North Korea’s Kim Jong-un and Russia’s Vladimir Putin pledged to stand together against “imperialism” after meeting on Wednesday, their first face-to-face summit in four years. North Korean media also announced on Thursday that Kim had invited Putin to visit Russia “at a convenient time” and that the Russian president accepted the invitation “with pleasure”.
The Wednesday meeting between Kim and Putin has implications not just for Moscow and Pyongyang, but also the Washington-led trilateral deterrence efforts involving Seoul and Tokyo.
While the United States has accused North Korea of supplying arms to Russia for its war in Ukraine, the Kim-Putin summit further exacerbated Washington’s fears about what might flow in the other direction. US National Security Council strategic communications coordinator John Kirby said on Wednesday that “any arrangement that would improve North Korea’s military capabilities certainly would be of significant concern to us,” adding that Washington “will deal with it appropriately” if an arms deal is indeed struck between Moscow and Pyongyang.
The vaguely worded warning, however, is unlikely to prevent Russia and North Korea from forging ahead with their plans. On the contrary, Putin’s decision to hold such a public summit meeting with Kim, despite the accusations of arms dealing, shows how determined the Russian leader is to make much-needed military gains in Ukraine – whatever it takes is his attitude.
Kim also does not appear concerned by threats of additional sanctions. Instead, the North Korean leader called bilateral relations with Russia “the very first priority for our country” adding that “we will always support the decisions of President Putin and the Russian leadership”. In addition, according to a recent report by Daily NK, multiple sources in North Korea have revealed that weapons exports have, in fact, increased recently to countries including Russia, Iran, Syria, Egypt and Qatar. In other words, North Korea has not only survived sanctions but continued to grow its arsenal while finding novel ways to keep proliferation going.
In return for selling Russia artillery shells and other munitions, North Korea is likely to want advanced military technological assistance as well as humanitarian aid. After hosting a Russian delegation back in July, Kim’s efforts seem to have paid off as Putin pledged on Wednesday to help North Korea build satellites and develop its space program. The meeting between the two leaders took place at Russia’s Vostochny Spaceport in Amur Oblast. Kim was afforded a tour of the space station, including of the carrier rocket assembly and test complex, and was briefed on the detailed technical features of various types of carrier rockets and their assembly and launching processes, North Korean media reported.
Plans to launch joint projects in the fields of tourism, construction, and agriculture were reportedly also discussed. Overall, the visit to Russia can be presented a major win for Kim.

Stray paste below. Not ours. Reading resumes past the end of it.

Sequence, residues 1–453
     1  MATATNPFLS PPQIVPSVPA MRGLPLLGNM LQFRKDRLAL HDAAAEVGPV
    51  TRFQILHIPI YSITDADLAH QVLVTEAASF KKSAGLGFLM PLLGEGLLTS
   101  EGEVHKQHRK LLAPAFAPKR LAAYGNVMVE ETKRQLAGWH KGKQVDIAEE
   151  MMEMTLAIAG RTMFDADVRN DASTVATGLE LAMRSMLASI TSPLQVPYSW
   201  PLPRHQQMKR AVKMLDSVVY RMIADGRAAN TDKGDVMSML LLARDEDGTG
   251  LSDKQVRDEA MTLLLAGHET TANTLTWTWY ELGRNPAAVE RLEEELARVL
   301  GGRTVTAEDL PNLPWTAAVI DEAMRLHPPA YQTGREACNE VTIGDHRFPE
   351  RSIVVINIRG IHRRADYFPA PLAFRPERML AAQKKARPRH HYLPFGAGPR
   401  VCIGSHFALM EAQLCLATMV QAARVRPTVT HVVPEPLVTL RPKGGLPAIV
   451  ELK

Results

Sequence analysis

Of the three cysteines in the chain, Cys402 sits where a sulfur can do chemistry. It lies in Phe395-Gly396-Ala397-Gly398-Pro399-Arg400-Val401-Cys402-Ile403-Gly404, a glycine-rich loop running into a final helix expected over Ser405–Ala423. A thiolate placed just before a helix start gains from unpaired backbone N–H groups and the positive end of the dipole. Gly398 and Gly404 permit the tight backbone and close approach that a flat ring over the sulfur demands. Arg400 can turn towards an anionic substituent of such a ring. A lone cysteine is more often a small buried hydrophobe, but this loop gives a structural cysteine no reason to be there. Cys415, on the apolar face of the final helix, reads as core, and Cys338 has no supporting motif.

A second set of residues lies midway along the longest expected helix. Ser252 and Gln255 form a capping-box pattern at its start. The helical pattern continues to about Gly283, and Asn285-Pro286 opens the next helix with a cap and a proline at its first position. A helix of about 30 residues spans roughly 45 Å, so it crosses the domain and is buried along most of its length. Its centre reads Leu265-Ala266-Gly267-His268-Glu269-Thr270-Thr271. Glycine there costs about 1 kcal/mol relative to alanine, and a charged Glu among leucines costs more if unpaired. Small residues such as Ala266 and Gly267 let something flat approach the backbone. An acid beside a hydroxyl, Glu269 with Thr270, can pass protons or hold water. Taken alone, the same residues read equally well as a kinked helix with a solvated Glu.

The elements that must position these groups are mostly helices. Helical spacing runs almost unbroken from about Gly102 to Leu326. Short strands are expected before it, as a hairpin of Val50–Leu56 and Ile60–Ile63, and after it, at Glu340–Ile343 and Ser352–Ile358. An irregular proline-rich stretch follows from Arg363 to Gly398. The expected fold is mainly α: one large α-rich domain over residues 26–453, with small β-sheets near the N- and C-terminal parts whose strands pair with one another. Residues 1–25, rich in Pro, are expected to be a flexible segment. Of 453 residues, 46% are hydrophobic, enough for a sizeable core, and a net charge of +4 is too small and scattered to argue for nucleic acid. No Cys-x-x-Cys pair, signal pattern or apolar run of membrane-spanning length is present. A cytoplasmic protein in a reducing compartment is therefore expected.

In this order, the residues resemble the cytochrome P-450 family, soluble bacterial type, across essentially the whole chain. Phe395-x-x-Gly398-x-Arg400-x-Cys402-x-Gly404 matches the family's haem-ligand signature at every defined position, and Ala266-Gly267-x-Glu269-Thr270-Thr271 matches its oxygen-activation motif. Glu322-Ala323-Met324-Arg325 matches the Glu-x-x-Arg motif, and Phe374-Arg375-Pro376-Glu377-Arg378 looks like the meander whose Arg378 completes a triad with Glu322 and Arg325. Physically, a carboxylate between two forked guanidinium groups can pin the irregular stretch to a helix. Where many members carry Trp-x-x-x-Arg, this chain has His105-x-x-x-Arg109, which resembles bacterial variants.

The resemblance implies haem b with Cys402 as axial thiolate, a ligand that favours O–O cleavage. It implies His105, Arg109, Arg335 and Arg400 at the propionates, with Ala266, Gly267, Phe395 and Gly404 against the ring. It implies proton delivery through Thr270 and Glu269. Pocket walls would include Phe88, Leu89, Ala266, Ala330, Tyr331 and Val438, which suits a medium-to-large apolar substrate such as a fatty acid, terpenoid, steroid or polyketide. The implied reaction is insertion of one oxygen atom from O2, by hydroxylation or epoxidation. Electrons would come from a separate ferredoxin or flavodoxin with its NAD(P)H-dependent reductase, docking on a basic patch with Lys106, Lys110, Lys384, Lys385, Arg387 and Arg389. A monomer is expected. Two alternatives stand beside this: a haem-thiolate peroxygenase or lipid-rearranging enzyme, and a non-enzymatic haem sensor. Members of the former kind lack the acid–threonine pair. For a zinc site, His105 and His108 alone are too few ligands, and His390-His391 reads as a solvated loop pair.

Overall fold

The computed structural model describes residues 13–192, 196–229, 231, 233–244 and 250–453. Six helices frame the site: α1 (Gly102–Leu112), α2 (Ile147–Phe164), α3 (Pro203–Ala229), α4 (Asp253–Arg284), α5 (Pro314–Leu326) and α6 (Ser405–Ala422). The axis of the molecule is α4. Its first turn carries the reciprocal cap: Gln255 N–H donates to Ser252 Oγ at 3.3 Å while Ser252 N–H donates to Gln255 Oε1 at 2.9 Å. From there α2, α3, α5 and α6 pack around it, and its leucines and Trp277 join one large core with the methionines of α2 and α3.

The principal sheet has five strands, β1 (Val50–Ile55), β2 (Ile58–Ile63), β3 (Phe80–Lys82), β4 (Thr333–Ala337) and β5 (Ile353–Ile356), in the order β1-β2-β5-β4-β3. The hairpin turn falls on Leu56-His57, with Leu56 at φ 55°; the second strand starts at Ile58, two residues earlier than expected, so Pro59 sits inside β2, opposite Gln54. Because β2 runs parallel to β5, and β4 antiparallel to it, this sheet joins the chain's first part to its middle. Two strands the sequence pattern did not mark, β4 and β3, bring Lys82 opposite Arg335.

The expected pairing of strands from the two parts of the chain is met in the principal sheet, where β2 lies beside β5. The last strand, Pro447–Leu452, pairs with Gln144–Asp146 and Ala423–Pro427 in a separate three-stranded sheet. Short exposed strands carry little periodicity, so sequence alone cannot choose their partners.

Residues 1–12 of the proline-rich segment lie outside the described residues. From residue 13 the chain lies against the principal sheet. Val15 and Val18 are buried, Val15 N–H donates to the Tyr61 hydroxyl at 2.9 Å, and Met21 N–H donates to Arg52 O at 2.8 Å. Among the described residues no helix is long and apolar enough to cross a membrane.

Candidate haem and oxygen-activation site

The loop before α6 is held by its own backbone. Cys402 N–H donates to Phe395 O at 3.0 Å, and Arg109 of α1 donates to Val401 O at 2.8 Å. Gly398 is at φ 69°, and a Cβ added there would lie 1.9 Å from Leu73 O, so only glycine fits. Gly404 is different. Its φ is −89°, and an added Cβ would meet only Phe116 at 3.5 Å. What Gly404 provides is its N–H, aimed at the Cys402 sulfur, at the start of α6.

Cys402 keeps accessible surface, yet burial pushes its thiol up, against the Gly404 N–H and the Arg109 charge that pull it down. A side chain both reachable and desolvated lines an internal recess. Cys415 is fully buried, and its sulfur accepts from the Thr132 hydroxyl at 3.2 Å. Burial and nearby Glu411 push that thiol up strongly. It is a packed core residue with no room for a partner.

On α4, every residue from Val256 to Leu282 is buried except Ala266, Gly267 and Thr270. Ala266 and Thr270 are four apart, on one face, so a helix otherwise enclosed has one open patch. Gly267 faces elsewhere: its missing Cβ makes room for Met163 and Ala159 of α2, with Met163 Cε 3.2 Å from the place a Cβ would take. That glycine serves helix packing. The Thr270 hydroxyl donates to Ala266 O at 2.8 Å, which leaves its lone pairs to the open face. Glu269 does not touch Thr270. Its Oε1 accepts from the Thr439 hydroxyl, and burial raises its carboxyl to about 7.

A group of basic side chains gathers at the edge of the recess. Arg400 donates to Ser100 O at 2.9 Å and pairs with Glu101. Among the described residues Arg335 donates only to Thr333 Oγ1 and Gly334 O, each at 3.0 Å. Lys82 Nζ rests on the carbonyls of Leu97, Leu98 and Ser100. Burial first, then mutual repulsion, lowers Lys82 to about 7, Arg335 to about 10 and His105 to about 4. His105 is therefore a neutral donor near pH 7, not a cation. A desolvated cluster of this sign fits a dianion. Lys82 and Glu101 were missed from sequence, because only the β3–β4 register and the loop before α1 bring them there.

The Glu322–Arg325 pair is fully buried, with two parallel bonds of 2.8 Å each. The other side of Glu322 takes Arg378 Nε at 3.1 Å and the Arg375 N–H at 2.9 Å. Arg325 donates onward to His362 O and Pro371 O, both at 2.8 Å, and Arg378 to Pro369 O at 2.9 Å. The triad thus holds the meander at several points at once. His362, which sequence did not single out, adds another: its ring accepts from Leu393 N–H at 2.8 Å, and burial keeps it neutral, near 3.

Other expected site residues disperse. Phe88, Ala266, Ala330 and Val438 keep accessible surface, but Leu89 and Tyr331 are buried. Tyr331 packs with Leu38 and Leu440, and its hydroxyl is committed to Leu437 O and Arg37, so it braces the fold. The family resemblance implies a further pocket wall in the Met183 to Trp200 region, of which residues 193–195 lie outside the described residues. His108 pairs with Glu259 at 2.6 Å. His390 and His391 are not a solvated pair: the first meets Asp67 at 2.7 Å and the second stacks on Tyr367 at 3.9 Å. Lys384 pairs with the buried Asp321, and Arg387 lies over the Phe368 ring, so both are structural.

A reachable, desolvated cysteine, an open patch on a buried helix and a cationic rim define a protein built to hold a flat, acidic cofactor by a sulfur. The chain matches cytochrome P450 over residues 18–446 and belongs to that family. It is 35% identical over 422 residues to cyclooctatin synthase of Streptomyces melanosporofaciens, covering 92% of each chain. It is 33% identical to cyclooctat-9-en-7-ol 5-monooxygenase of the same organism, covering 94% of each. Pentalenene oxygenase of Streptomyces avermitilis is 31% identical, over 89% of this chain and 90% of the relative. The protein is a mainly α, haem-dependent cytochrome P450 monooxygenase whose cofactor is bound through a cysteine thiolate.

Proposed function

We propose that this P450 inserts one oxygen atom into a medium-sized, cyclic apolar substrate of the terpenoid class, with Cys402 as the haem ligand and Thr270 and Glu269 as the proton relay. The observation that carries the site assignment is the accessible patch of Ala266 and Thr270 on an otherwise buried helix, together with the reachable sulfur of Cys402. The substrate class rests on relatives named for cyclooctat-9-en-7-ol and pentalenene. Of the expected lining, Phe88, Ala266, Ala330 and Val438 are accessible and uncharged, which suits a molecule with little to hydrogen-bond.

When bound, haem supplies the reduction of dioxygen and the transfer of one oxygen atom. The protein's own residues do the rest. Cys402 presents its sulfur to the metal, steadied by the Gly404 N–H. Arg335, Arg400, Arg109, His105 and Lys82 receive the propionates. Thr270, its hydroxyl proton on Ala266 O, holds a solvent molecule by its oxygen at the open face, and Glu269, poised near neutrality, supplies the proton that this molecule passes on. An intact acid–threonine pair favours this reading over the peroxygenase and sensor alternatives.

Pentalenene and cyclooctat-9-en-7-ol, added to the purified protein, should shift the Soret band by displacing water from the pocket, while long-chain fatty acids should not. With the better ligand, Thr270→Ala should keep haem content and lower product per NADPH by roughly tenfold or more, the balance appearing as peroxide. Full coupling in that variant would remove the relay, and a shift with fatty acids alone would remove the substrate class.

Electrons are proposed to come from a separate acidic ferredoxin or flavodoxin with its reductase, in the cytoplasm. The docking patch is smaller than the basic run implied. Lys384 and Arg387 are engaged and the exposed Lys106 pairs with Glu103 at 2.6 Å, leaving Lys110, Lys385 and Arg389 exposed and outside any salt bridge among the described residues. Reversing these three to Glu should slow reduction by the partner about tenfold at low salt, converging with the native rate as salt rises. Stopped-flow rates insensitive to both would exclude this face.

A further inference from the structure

But Wednesday was about more than Kim just showing off his diplomatic skills. This day also marked the first time that the North had launched missile tests without its leader in the country, demonstrating the country’s ability to coordinate weapon launches irrespective of Kim’s physical presence at home. The message appeared to be that even if Kim were to “disappear” (the South Korean government has spoken of potential pre-emptive strikes to remove the North Korean leadership), this does not mean that North Korea would be unable to attack the United States, South Korea, or Japan.
In response to the Kim-Putin summit, South Korea’s Prime Minister Han Duck-soo said on Wednesday that “news about the possibility of military cooperation between the two countries is worrisome,” while the ruling party leader Kim Gi-hyeon called the summit “a serious challenge threatening not only peace in Northeast Asia but also world peace”. The South Korean opposition is likely to use the Kim-Putin meeting to further criticise the government’s hardline North Korea approach.
Meanwhile, North Korean newspapers featured Kim’s visit to Russia across front-pages, celebrating the summit as a major victory for Kim. If Putin does indeed make the visit to North Korea any time soon, this would serve as yet another major boost for Kim’s image internationally. Kim is showing the world that he is far from isolated and is instead negotiating on an equal footing with a major power. Given the situation in Ukraine and Russia’s urgent need for weapons, it’s not far-fetched to say that, as of now, Putin needs Kim more than the other way around.
While the strengthening ties between Moscow and Pyongyang pose a significant challenge to Washington and its allies, the possibility of North Korea joining Russia and China in joint military drills could finally spell an end for US-led deterrence efforts. South Korea’s intelligence service said the Russian side had officially proposed trilateral military drills to North Korea while visiting the country in July.
The South’s defence ministry said on Thursday that it would continue closely monitoring the possibility of North Korea and Russia conducting joint military drills. With the United States, South Korea, and Japan consistently holding joint exercises, there is little ground to criticise a move in kind by Pyongyang.
Here, again, North Korea holds the leverage, not the United States. Washington is currently making demands and threats but should instead tone down its rhetoric and reprioritise diplomacy before North Korea makes more choices that worsen regional stability and further raise military tensions on the peninsula.